Solving the Biggest Mystery of the 2016 Election Cycle

Source: Conservative Review | April 25, 2016 | Steve Deace

It’s time to solve the mystery of Donald Trump’s coalition: What is it, how did he acquire it, and how has that impacted both Republicans and Democrats in 2016?

Back in December, the New York Times posted an exhaustive profile of who is the typical Donald Trump voter in a story headlined “Donald Trump’s strongest supporters: a certain kind of Democrat.”

Its opening paragraph says it all and then some:

Donald Trump holds a dominant position in national polls in the Republican race in no small part because he is extremely strong among people on the periphery of the GOP coalition. He is strongest among Republicans who are less affluent, less educated and less likely to turn out to vote. His very best voters are self-identified Republicans who nonetheless are registered as Democrats. It’s a coalition that’s concentrated in the South, Appalachia and the industrial North.


Needless to say that is an incredible swing in the results, and it’s based solely on one factor alone: Does the individual contest allow Democrats and Independents to vote or not? If they do, chances are Trump is going to win and win comfortably. If they don’t, chances are Trump will under-perform public polling.

Which brings us back to New York, and the reason we set it aside—because until proven otherwise it’s an outlier for two reasons. One, it’s the first closed primary where Trump way out-performed his public polling. Two, Trump was the only one of the remaining candidates who had a closed primary along with home field advantage.

Both Cruz in Texas and John Kasich in Ohio, had to defend their home turfs with the Trump crossover factor in play. Thus, it’s reasonable to assume they would’ve performed better in winning their home states had that not been the case (especially Cruz, given his overall strength in closed contests).

By the way, guess where the bulk of “open” contests took place during this primary? In the South, Appalachia, and the industrial North.


Furthermore, Trump’s periphery coalition also helps to explain the simultaneous surge in GOP primary turnout, coinciding with the dip suffered by Democrats. In the first 21 states to release exit polling so far, you see two groups emerge as the least likely to vote for Trump:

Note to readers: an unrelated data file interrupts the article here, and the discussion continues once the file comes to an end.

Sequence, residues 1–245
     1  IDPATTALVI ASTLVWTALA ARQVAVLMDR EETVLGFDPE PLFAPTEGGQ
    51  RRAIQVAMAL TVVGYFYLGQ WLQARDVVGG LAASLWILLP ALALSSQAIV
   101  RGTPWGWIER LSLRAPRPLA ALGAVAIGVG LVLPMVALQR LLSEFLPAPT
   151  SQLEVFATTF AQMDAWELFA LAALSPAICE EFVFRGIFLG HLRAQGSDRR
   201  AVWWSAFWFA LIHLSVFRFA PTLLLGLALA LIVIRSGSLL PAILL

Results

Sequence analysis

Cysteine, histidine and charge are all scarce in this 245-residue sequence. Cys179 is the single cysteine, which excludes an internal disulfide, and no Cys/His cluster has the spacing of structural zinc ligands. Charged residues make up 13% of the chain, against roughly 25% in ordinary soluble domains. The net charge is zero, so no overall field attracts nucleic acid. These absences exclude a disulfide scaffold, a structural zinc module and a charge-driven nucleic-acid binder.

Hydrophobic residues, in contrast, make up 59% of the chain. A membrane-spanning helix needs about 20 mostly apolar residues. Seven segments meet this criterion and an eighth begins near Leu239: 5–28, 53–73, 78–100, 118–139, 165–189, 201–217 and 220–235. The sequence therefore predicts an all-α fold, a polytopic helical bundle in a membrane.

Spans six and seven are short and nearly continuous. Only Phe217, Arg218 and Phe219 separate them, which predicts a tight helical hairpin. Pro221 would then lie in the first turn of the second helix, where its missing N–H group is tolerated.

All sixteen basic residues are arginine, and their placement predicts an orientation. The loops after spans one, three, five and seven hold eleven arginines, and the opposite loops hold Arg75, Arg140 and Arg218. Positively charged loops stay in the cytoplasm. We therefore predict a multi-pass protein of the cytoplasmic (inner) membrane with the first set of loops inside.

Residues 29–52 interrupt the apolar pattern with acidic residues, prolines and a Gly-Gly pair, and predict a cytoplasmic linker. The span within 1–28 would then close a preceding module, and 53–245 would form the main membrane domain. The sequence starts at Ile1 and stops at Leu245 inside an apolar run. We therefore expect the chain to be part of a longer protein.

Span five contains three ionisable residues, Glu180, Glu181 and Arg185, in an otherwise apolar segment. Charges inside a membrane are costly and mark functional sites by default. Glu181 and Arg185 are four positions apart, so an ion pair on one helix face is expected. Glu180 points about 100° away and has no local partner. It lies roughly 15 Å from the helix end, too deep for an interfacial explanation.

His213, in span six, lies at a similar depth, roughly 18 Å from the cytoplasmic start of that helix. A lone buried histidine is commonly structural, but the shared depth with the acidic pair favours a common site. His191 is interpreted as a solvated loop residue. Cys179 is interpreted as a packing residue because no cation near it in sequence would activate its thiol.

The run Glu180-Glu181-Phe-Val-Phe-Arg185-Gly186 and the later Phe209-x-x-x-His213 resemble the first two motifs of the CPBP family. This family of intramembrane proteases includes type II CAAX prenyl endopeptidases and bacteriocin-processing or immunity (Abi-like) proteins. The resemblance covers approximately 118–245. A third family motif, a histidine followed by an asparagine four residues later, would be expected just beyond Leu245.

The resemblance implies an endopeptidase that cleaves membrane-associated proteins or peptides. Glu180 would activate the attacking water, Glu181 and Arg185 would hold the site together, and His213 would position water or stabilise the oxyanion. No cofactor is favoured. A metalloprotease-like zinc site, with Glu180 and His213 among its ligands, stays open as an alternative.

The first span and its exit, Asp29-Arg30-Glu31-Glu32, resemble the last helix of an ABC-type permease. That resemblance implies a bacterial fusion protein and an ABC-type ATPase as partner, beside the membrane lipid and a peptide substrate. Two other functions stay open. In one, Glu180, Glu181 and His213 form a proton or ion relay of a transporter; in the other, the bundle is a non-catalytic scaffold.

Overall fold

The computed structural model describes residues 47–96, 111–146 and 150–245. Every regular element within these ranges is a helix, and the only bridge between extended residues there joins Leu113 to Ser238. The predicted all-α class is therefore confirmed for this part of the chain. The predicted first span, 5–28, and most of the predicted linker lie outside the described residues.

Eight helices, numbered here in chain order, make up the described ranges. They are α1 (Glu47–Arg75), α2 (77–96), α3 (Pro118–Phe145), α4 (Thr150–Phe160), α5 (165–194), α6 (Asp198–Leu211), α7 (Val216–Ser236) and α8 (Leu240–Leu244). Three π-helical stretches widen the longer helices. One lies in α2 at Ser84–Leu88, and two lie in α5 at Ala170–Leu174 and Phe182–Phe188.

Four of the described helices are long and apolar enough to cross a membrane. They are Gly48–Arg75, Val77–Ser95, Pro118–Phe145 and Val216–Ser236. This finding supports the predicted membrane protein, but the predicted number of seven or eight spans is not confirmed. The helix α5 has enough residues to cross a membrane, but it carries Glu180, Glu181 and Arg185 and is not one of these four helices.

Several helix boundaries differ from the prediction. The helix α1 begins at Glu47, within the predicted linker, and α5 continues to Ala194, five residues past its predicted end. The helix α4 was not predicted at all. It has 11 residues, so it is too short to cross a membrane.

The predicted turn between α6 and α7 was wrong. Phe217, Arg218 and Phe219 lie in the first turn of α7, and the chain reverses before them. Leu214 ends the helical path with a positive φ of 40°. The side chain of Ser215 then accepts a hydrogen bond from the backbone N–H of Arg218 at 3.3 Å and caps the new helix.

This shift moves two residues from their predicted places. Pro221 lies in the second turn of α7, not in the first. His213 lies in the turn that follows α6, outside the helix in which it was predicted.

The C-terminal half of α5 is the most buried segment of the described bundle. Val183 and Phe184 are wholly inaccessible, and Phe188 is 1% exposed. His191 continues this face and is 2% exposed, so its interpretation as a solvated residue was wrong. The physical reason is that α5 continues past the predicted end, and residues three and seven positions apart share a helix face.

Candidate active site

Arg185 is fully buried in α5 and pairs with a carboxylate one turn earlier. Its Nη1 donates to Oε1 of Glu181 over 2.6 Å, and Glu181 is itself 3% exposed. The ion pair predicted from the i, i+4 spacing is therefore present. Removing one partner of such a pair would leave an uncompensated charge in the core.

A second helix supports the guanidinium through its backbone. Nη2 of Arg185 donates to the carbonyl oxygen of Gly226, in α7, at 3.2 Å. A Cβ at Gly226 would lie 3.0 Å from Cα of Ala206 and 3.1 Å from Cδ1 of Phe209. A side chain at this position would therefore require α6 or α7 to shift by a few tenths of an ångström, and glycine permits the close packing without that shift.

• – Weekly churchgoers.
  • – College graduates.


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  • Consistent #5183

    ConstitutionalConservative #5194

    The things mentioned in the article I see as the symptoms but I would go deeper for the root of the problem That is the failure (or success from gov’t perspective) of the progressive socialist government education system. Not just failing to teach the three R’s adequately which is the foundation of every academic endeavor but the failure to translate the three R’s into Common Sense, Reason, and Logic, it is also why churches, colleges, culture and all American institutions are failing and why our foundational documents, Declaration of Independence, Constitution and Bill of Rights are meaningless and lost to so many, they were built on reason, logic and common sense.

    I remember reading several years back a book about the “Dumbing Down of America” a process that has been going on for many years, since reading that I can attest to the fact that the process is now and has been progressing at super hyper speed especially since the governments attempt to institute the common core curriculum.

    That’s just what I think about it all, the fabric of our Republic is being shredded hanging by a thread. I believe Ted Cruz is the last hope of restoration, he went into Harvard (the most progressive liberal university perhaps in the entire country) as a conservative and came out the other side a stronger conservative than any other endeavoring to represent we the people since Reagan. I think he will be better, much more potent and intense than Reagan, the times and desperate circumstance requires him to be.

    CA Surveyor #5201

    >> “Not just failing to teach the three R’s adequately…” <<

    On that subject, one of my wife’s co-workers was late getting to work Friday, because he had to go to a Parent-Teacher conference with his daughter’s math teacher. She had brought home an exam paper with every answer marked wrong.

    He had checked her answers and all were correct.

    The teacher explained that because she had not used “common core” methodology, her answers were wrong. The students that had used CC methodology had had their answers marked as correct, even though few of them had been able to get any correct solutions.

    This is the new America folks.

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